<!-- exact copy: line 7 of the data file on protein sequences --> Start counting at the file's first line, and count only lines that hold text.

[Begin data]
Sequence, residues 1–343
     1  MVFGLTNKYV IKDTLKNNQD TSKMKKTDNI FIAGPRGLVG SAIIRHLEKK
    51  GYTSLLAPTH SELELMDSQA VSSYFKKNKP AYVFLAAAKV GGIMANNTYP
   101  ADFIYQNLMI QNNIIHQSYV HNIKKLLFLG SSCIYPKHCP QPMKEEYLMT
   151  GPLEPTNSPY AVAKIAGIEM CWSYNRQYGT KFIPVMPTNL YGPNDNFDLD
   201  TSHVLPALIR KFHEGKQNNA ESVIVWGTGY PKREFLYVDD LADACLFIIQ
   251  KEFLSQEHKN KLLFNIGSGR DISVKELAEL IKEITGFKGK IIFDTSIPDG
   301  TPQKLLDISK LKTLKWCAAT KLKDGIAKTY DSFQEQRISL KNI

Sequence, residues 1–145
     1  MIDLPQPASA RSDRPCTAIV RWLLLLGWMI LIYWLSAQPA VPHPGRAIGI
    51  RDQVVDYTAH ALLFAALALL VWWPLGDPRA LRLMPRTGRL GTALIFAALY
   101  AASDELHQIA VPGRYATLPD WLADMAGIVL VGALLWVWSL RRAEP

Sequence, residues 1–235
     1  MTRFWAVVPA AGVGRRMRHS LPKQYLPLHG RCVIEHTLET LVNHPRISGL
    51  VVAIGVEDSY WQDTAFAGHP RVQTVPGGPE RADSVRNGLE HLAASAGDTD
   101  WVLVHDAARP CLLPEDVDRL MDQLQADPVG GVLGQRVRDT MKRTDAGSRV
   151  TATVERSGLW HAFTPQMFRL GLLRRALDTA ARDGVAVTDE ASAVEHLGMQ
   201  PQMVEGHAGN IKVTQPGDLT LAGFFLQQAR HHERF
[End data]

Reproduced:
   251  KEFLSQEHKN KLLFNIGSGR DISVKELAEL IKEITGFKGK IIFDTSIPDG